“Whole body portraiture. Anatomical—gives information.”
Put a neutral mask on an actor, take away the face and all its information, and everything shows up – the slight hunch in the shoulders, the swayback, the left foot turned slightly inward, the chin held too high.
            “Classical—the body as sculpture.”
A twist in the body is always more interesting, more fun to draw.
            “Modern—the body as shape.”
Costuming A Midsummer Night’s Dream, building on the actors’ bodies since I couldn’t draw the design plates. Bodysuits with humps built in, stuffed stockings as vines around their legs to deform and make them otherworldly, fairies of the earth instead of the air.

On Thursday, we take the bus again, the Bitchers a little diffused by not having come so early. No-one’s camera is as small as mine, everyone’s bag is heavy with tripods and long black lenses and multiple cans of film. All the other digitals are second cameras.

There is a frame set up in Rudi’s studio, a waist-to-neck-high square fenced with dried wheat. The lights are diffused with fabric panels. Today we make silhouettes, posing each other behind the frame, the backlight giving us shapes and outlines. It’s my turn, and I think, what would I make my acting class do? I ask the Australian if he’ll take off his shirt. First he thinks I’m kidding and then he refuses. I start to think of something else but Rudi charges in, stripping to the waist. I pose a tiny girl from New York with her head and chest arched back, Rudi holding her by the waist, his hand cupped upward over the hollow of her throat. Between the points of her collarbones and in the palm of his hand I place two tiny origami cranes. For me, it is her breath, caught by him, flown from her body into his hand. After I press the shutter release (Andrew looking into the viewfinder to make sure I am in focus), Rudi says, “Finally, a good idea!” and I bask in his words for three days. Maybe I can learn to translate my gaze into a picture.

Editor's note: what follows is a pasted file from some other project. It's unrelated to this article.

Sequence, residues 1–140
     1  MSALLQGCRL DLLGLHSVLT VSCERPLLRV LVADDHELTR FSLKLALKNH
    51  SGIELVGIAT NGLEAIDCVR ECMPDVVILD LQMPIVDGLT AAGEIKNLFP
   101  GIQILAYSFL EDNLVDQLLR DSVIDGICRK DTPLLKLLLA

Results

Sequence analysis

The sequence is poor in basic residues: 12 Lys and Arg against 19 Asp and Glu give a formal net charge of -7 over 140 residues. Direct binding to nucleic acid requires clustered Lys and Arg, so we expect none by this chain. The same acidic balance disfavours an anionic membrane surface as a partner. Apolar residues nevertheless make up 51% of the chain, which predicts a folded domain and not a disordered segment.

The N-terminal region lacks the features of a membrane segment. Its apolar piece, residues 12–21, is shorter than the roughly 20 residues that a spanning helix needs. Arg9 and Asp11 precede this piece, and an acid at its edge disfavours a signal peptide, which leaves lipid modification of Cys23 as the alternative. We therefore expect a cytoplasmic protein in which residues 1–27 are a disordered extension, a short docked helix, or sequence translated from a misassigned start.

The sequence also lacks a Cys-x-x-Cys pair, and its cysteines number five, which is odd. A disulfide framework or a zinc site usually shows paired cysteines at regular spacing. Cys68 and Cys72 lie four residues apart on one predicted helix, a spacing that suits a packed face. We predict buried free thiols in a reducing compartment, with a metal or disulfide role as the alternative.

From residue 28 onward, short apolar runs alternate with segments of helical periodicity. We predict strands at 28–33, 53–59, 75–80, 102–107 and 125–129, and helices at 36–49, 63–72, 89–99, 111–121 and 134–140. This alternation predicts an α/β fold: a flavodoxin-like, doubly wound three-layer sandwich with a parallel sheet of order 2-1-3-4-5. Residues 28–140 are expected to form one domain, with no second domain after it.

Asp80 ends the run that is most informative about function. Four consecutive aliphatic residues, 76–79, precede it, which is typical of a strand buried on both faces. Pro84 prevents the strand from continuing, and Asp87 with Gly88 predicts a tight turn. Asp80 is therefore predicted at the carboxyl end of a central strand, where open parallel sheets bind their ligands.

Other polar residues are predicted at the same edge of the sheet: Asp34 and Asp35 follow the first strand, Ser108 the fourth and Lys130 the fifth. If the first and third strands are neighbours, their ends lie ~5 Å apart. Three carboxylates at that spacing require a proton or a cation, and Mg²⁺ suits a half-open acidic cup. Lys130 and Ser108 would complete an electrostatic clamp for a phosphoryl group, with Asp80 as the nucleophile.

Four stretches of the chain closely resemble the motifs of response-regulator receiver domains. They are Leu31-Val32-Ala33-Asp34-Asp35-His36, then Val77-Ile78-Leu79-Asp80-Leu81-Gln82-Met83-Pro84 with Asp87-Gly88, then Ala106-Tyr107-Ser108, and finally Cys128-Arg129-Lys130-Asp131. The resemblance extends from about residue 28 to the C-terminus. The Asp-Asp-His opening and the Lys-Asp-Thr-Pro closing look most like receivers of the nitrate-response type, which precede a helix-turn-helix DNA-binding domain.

Next class. Still lifes. Rudi’s phrasings. “When you choose objects from the table for your still lifes, please put them back, or is absolutely cows.” Cows? Ah, chaos!

“What is the difference between picture number one and picture number two? Number one is right and number two is wrong!”

I can’t tell the difference.

I ask Andrew, and he tells me something about light values. I scribble in my notebook,
            “Objects as themselves, objects as shapes,”
and hope that phrase will help me. Rudi comes and looks at the viewscreen of my camera, points and says that two of my pictures are good. I know they’re good, too, definitely better than the others, but not why. Like a novice playgoer, I know what I like, but I can’t say what makes it so.